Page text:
Listening to the new LP The Dip Delivers, by the seven-piece Seattle ensemble The Dip, released in February of 2019, you can’t help feeling like maybe we turned another cultural corner. The ten sophisticated tracks are centered around the amazing vocals of front man Tom Eddy, which are equal parts John Legend, Adam Lambert, Alex Chilton and Sam Cooke. The arrangements have a retro intention with a modern dance sensibility and pop succinctness. Backed by “The Honeynut Horns,” featuring Brennan Carter on trumpet, Levi Gillis on tenor saxophone, Evan Smith on baritone saxophone, along with the tight rhythm section of drummer Jarred Katz, and Mark Hunter on bass and lead guitarist Jacob Lundgren, Eddy found a brotherhood of like-minded souls in the University of Washington jazz program to form a fabulous reinvention of Blue-Eyed Soul.
The opening track “Sure Don’t Miss You,” has a French Quarter street beat and scorching soul blues vocal. The time shifting swing of “Best Believe,” opens with trumpet blasts that bring in a relentless groove while Eddy pleads with a lover. Jimmy James and Delvon Lamarr sit in on the hard driving four on the floor soul burner “Advertising,” with Eddy laying out his clever plan to win his sweetheart’s affection. The trip takes a convincing turn back to the 1950’s on the golden do-wop slow dance number “Adeline,” that sparkles with glorious backup vocals, verb-soaked guitars and more soaring horns. They dig deeper into northern soul on the expansive “Atlas,” and the dramatic dip into the macabre “Slow Sipper.” Everyone stretches out on the spacious knee-deep shag Staxx reboot “Spiderweb,” and The Bar Kays styled instrumental “Starcastle.”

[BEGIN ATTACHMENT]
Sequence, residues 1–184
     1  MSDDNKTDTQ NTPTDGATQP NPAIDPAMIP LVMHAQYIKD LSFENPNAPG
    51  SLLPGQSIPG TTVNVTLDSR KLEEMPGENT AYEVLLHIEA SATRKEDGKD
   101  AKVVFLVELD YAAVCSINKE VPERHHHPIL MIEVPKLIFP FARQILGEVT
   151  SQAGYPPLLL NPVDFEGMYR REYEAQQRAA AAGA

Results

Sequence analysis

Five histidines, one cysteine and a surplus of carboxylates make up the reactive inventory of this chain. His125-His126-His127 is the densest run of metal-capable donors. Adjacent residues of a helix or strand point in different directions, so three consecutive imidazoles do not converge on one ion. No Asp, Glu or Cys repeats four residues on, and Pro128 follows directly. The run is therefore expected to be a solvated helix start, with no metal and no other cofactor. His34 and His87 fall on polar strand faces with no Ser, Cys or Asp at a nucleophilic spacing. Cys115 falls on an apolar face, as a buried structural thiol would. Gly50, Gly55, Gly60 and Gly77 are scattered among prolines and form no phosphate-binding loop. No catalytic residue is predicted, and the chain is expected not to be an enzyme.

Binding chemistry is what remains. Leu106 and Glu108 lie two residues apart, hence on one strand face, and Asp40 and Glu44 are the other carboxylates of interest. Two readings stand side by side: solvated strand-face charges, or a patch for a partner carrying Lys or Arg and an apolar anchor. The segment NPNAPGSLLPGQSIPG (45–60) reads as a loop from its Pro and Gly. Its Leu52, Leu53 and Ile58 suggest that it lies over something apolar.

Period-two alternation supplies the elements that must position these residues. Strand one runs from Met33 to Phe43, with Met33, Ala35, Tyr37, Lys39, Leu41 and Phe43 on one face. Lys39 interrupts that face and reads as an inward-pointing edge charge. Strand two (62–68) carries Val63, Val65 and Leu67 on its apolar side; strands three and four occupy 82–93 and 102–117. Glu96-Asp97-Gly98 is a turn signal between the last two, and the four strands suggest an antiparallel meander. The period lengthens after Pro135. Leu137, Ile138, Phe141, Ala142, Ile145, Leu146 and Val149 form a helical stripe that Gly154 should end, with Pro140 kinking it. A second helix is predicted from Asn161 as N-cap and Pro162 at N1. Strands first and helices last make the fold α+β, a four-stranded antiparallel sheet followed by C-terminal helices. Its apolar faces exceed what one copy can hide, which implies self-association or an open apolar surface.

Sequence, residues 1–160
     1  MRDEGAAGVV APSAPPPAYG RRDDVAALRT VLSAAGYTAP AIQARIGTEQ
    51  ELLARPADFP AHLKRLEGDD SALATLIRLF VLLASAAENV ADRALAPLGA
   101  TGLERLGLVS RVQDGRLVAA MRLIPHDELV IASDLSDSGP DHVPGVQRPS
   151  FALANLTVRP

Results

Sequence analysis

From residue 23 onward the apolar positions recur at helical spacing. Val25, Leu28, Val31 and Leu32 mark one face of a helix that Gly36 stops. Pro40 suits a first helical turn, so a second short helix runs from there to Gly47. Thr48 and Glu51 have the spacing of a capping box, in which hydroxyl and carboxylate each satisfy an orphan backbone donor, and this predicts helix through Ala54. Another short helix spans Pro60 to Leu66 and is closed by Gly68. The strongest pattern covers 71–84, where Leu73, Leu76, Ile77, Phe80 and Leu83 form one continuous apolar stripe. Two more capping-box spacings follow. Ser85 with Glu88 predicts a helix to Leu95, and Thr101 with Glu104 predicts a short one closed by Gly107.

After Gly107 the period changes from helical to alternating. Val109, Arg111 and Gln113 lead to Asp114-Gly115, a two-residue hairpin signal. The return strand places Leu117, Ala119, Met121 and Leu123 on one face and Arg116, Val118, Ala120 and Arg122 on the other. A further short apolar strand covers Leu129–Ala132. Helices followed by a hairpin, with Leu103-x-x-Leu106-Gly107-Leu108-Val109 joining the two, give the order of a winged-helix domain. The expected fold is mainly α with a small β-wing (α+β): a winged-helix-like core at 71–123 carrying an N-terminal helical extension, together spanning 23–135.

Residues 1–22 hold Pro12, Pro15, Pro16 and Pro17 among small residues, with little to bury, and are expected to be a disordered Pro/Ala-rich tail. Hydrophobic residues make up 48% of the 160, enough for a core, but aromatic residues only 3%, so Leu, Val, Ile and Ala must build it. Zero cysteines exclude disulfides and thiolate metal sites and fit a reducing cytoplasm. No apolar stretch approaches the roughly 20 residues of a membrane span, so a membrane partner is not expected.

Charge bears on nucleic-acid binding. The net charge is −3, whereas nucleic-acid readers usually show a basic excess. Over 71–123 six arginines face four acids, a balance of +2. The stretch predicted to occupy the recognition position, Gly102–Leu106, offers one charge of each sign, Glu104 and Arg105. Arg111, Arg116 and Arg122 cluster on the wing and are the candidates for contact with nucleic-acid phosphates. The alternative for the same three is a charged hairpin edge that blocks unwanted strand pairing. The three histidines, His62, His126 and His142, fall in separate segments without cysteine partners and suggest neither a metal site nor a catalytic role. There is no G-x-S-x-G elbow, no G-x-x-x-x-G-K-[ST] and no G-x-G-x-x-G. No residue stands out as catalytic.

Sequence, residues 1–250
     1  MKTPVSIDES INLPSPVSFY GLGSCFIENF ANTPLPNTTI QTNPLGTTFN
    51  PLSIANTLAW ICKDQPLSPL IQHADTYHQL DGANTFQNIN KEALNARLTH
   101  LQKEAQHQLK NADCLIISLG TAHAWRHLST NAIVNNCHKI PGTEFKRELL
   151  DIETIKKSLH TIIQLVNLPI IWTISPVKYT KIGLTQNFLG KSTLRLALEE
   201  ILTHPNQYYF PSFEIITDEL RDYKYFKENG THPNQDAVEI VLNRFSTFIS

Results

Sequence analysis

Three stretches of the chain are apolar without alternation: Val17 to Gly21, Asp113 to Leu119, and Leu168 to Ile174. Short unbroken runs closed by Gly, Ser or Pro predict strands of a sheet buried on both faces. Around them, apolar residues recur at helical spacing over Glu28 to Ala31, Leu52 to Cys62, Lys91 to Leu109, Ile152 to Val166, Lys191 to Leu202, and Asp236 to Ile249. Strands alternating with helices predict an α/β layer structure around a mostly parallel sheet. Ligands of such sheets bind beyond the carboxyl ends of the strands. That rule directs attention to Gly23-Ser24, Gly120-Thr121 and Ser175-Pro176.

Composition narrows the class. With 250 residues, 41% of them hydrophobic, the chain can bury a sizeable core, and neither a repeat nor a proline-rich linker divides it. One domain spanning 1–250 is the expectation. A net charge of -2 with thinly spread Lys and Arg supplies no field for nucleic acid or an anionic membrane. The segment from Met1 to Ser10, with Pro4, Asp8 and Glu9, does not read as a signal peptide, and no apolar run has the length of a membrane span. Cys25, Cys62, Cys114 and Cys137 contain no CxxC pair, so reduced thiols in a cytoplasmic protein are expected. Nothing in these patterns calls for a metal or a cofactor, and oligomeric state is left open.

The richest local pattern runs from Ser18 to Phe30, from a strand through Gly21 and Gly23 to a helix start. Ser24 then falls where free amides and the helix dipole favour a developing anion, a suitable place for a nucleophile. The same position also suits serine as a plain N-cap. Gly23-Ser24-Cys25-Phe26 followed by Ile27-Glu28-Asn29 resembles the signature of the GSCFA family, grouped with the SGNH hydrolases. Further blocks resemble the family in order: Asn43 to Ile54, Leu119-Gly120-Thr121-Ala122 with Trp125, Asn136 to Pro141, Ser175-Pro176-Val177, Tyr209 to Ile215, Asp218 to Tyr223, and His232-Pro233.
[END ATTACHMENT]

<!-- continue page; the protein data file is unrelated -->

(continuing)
The band did their homework on 1950s blues and R&B records and create an authentic vibe for the sweet sing along “She Gave Me The Keys,” channeling Bobby Bland and Big Joe Turner. Another instrumental “Sea Snake,” closes the album by further showing off the studious devotion to the production ideals that brought us records like Pet Sounds, Sgt Peppers and Young Americans. The Dip, being a group of players conspicuously under 30, may be a sign that the next generation is ready to embrace organic sounds and mix conventional rock, blues and soul set-ups with elaborate layers of harmonies and timely conventions into a new type of old school.